We estimate the measure of nonconvex total boundedness in terms of
simpler quantitative characteristics in the space of measurable functionsL0. A Fréchet-Smulian type compactness criterion for convexly totally
bounded subsets of L0 is established.

1. Introduction

In 1988, Idzik [1] proved that the answer to the well-known Schauder's problem [2, Problem 54]: does every continuous map f:K→Kdefined on a convex compact subset of a Hausdorff topological linear space have a fixed point? is affirmative if K is convexly totally bounded.

This notion was introduced by Idzik [1]: a subset K of a topological linear space X is said to be convexly totally bounded (ctb for short), if for every 0-neighborhood U there are x1,…,xn∈K and convex subsets C1,…,Cn of U such that K⊆⋃i=1n(xi+Ci). If X is locally convex, every convex compact subset of X is ctb. This is not true, in general, if X is nonlocally convex (see [3–5]).

In 1993, De Pascale et al. [3] defined the measure of nonconvex total boundedness, modelled on Idzik's concept, that may be regarded as the analogue of the well-known notion of Hausdorff measure of noncompactness in nonlocally convex linear spaces. The above notions of ctb set and of nonconvex total boundedness are especially useful working in the setting of nonlocally convex topological linear spaces (see, e.g., [6–8]).

Let (E,∥·∥E) be a normed space, Ω a nonempty set, and 𝒫(Ω) the power set of Ω. The space L0 is an F-normed linear space of E-valued functions defined on Ω which depends on an algebra 𝒜 in 𝒫(Ω) and a submeasure η:𝒫(Ω)→[0,+∞].

We observe that the space L0 defined above is a generalization of the space of measurable functions introduced in [9, Chapter III], in order to develop the integration theory with respect to finitely additive measures. Recall that given M⊆L0, the Hausdorff measure of noncompactness γ(M) of M is defined by
γ(M):=inf{⋃i=1nɛ>0:thereexistfunctionsf1,…,fn∈L0suchthatM⊆⋃i=1n(fi+Bɛ(L0))},
where Bɛ(L0)≔{f∈L0:∥f∥0≤ɛ}. In [10, 11], to estimate γ(M) are used two quantitative characteristics λ(M) and ω(M) which measure, respectively, the degree of non equi-quasiboundedness and the degree of non equi-measurability of M.

The main purpose of this note is to estimate the measure of nonconvex total boundedness in L0 and to characterize the convexly totally bounded subsets of L0. At this end we introduce two quantitative characteristics λc(M) and ωc(M) involving convex sets, which measure the degree of nonconvex equi-quasiboundedness and the degree of nonconvex equi-measurability of M, respectively. Then we establish some inequalities between γc(M), λc(M), ωc(M), and λ(M) that give, as a special case, a Fréchet-Smulian type convex total boundedness criterion in the space L0. This generalizes previous results of Trombetta [12]. Finally, we point out that it is not so clear if the Schauder's problem has been solved in its generality. In particular, the proof given by Cauty in [13] contains some unsolved gaps (see [14, 15], Mathscinet review of [16], and Zentralblatt Math review of [17]). However, the results of this paper are meant to be independent from the Schauder's problem.

2. Definitions and Preliminaries

For the remainder of this section we present some definitions and known results which will be needed throughout this paper.

We use the convention inf∅:=+∞. Moreover, for two sets A and B, we denote by BA the set of all maps from A to B. We recall the definition of the space L0 (see [11, 18]). Let (E,∥·∥E) be a normed space, Ω a nonempty set, 𝒜 an algebra in the power set ℙ(Ω) of Ω, and η:ℙ(Ω)→[0,∞] a submeasure. Then‖f‖0:=inf{a>0:η({x∈Ω:‖f(x)‖E≥a})≤a}
defines a group pseudonorm on EΩ, that is, ∥0∥0=0, ∥-f∥0=∥f∥0, ∥f+g∥0≤∥f∥0+∥g∥0, for all f,g∈EΩ. Let L0:=L0(Ω,𝒜,E,η) be the closure of the linear space S:=span{yχA:y∈EandA∈𝒜} of E-valued 𝒜-simple functions in (EΩ,∥·∥0), where χA is the characteristics function of A. Identification of functions f,g∈EΩ for which ∥f-g∥0=0 turns (L0,∥·∥0) (the space of measurable functions) into an F-normed linear space in the sense of [19, page 38], that is, ∥f+g∥0≤∥f∥0+∥g∥0, limn→∞∥(1/n)f∥0=0, ∥λf∥0≤∥f∥0 for f,g∈L0 and |λ|≤1.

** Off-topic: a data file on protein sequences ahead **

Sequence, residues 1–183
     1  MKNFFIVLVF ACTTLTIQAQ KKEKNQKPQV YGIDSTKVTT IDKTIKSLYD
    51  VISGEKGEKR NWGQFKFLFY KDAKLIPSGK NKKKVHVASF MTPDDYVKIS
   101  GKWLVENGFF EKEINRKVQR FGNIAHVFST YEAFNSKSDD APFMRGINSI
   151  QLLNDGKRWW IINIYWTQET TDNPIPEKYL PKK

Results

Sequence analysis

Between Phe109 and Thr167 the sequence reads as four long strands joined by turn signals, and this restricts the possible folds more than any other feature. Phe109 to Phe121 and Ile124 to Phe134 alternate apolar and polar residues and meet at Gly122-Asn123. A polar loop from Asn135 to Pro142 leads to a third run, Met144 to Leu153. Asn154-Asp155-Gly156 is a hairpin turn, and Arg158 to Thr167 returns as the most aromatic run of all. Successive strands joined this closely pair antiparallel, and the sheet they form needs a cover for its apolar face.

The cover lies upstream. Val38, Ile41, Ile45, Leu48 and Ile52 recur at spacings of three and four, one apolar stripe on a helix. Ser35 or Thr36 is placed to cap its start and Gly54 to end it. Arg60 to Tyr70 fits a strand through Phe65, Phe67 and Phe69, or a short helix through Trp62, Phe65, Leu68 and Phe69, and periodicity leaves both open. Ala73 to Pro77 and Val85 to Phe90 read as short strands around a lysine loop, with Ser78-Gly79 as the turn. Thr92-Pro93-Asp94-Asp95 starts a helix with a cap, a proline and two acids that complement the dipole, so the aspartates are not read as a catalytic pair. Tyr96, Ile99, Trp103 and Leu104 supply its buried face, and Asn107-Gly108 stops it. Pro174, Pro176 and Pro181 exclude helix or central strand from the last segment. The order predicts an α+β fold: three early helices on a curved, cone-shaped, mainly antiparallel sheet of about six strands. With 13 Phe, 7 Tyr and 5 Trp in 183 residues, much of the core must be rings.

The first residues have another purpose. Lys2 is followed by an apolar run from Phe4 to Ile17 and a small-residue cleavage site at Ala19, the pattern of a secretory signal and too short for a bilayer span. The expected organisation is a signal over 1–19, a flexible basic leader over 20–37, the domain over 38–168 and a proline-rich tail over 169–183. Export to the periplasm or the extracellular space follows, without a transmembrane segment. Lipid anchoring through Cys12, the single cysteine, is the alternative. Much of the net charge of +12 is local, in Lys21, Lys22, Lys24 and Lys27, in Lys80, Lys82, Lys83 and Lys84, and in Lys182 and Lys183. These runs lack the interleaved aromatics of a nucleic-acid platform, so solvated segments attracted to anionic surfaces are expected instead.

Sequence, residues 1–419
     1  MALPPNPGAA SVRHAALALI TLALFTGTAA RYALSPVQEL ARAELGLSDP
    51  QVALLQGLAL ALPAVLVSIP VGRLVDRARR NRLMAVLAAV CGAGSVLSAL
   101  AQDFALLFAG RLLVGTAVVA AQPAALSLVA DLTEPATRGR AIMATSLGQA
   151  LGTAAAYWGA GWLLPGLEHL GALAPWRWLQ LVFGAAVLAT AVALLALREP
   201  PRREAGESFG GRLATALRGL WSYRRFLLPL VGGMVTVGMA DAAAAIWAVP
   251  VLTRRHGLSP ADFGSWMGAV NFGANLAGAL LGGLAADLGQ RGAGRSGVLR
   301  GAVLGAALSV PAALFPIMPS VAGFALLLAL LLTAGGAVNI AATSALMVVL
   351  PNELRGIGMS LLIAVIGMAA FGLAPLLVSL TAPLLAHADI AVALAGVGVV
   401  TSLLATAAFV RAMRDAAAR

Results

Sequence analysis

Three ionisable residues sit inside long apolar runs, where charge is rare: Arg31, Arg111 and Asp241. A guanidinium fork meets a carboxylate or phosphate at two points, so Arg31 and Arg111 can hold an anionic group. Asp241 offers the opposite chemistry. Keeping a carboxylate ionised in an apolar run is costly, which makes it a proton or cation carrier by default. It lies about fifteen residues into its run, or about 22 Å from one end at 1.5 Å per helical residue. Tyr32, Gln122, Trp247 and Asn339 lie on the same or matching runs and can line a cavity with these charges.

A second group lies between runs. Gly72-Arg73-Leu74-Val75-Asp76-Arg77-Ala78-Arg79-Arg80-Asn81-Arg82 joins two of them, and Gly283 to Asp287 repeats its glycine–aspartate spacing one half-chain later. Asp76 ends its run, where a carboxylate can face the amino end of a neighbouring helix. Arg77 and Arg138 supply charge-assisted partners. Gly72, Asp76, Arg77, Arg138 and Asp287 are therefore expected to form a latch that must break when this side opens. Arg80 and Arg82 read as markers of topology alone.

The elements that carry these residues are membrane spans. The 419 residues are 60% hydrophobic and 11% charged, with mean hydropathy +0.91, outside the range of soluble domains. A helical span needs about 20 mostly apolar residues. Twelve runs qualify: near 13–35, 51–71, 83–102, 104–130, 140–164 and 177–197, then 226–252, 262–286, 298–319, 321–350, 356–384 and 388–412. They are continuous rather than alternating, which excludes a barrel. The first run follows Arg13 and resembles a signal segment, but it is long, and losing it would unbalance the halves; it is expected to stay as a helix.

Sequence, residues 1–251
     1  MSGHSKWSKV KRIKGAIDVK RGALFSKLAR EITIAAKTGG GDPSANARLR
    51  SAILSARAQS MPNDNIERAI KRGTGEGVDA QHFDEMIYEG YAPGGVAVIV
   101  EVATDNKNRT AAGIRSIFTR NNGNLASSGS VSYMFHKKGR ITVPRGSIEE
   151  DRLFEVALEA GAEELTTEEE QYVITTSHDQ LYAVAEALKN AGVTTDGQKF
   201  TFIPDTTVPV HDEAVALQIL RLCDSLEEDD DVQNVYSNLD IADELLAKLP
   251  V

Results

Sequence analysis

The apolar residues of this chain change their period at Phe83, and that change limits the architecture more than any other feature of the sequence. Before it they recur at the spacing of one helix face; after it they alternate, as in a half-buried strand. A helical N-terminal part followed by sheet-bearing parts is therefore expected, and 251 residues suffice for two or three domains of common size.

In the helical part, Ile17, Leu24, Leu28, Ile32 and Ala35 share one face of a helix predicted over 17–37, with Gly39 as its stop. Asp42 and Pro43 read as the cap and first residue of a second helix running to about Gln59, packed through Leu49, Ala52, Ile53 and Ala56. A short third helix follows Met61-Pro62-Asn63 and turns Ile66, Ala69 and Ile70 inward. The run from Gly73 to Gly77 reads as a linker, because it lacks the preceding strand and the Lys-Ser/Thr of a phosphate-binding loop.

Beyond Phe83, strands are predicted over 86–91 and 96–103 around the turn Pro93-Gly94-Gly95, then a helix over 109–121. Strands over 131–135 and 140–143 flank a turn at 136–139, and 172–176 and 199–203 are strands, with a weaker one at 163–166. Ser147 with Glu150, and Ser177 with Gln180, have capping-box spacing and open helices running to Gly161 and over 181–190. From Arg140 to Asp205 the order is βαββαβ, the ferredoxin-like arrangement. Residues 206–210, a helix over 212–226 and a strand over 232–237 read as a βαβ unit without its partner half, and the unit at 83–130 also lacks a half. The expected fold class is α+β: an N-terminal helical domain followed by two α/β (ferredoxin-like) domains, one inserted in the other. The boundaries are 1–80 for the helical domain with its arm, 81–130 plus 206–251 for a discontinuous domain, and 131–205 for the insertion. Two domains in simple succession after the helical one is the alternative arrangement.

Let M⊆L0. The measure of nonconvex total boundedness γc(M) of M is defined by γc(M):=inf{⋃i=1n(fi+Ci)ɛ>0:thereexistfunctionsf1,…,fn∈L0andconvexsubsetsC1,…,CnofBɛ(L0)suchthatM⊆⋃i=1n(fi+Ci)}.
Clearly M is ctb if and only if γc(M)=0.

Let A1,…,Am∈𝒜 be a partition of Ω. We set
S(A1,…,Am):={s∈S:s=∑i=1myiχAi,whereyi∈Efori=1,…,m}.
In [11] the following two quantitative characteristic λ and ω are used to estimate γ in L0: λ(M):=inf{ɛ>0:thereexistsafinitesubsetGofEsuchthatM⊆(GΩ∩S)+Bɛ(L0)},ω(M):=inf{Amɛ>0:thereexistsapartitionA1,…,Am∈AofΩsuchthatM⊆S(A1,…,Am)+Bɛ(L0)Am}.

The set M is called equi-quasibounded if λ(M)=0 and equi-measurable if ω(M)=0.

Theorem 2.1 (see [<xref ref-type="bibr" rid="B17">11</xref>, Theorem 2.2.2]).

Let M⊆L0. Then
max{λ(M),ω(M)}≤γ(M)≤λ(M)+2ω(M).
In particular, M is totally bounded if and only if λ(M)=ω(M)=0.

Moreover, in [18], it is defined the following quantitative characteristic σ(M) which is useful for the calculation of λ(M):σ(M):=inf{ɛ>0:thereexistsafinitesubsetGofEsuchthatforallf∈MthereisDf⊆Ωwithη(Df)≤ɛandf(Ω∖Df)⊆G+Bɛ(E)},
where Bɛ(E):={y∈E:∥y∥E≤ɛ}.

The following result was established in [18, Proposition 2.1].

Proposition 2.2.

Let M⊆L0. Then λ(M)=σ(M).

We omit the proof of the following proposition which is similar to the proof of Proposition 2.6 of [12].

Proposition 2.3.

Let M⊆L0. Then
γc(M)=inf{⋃i=1nɛ>0:thereexistfunctionss1,…,sn∈SandconvexsubsetsC1,…,CnofBɛ(L0)suchthatM⊆⋃i=1n(si+Ci)}.

3. Inequalities in the Space <inline-formula><mml:math xmlns:mml="http://www.w3.org/1998/Math/MathML" id="M110"><mml:mrow><mml:msub><mml:mrow><mml:mi>L</mml:mi></mml:mrow><mml:mrow><mml:mn>0</mml:mn></mml:mrow></mml:msub></mml:mrow></mml:math></inline-formula>

In order to estimate the measure of nonconvex total boundedness in L0, we introduce the following two quantitative characteristics.

Definition 3.1.

Let M⊆L0. We define the following:
λc(M):=inf{⋃i=1nε>0:thereexistafinitesubsetGofEandconvexsubsetsC1,…,CnofBɛ(L0)suchthatM⊆(GΩ∩S)+⋃i=1nCi},ωc(M):=inf{⋃i=1nε>0:thereexistapartitionA1,…,Am∈AofΩandconvexsubsetsC1,…,CnofBɛ(L0)suchthatM⊆S(A1,…,Am)+⋃i=1nCi}.

We call M convexly equi-quasibounded if λc(M)=0 and convexly equi-measurable if ωc(M)=0.

We observe that if E=ℝ, then the quantitative characteristics λc and ωc coincide with those introduced in [12].

We point out that the request of convexity plays a crucial role in the definition of the parameters λc and ωc, whereas it was not involved in the definition of λ and ω. We illustrate this with the following example.

Example 3.2.

Let L0:=L0([0,+∞[,𝒜,E,η), where 𝒜 is the algebra of all Lebesgue-measurable subsets of the interval [0,+∞[ and η|𝒜 the Lebesgue measure. Let I1:=[0,1[, In:=[∑k=1n-1(1/k),∑k=1n(1/k)[ for n≥2, and Mn:={yχIn:y∈E} for n≥1. If M:=⋃n=1∞Mn, then λ(M)=1, ω(M)=0, λc(M)=ωc(M)=+∞.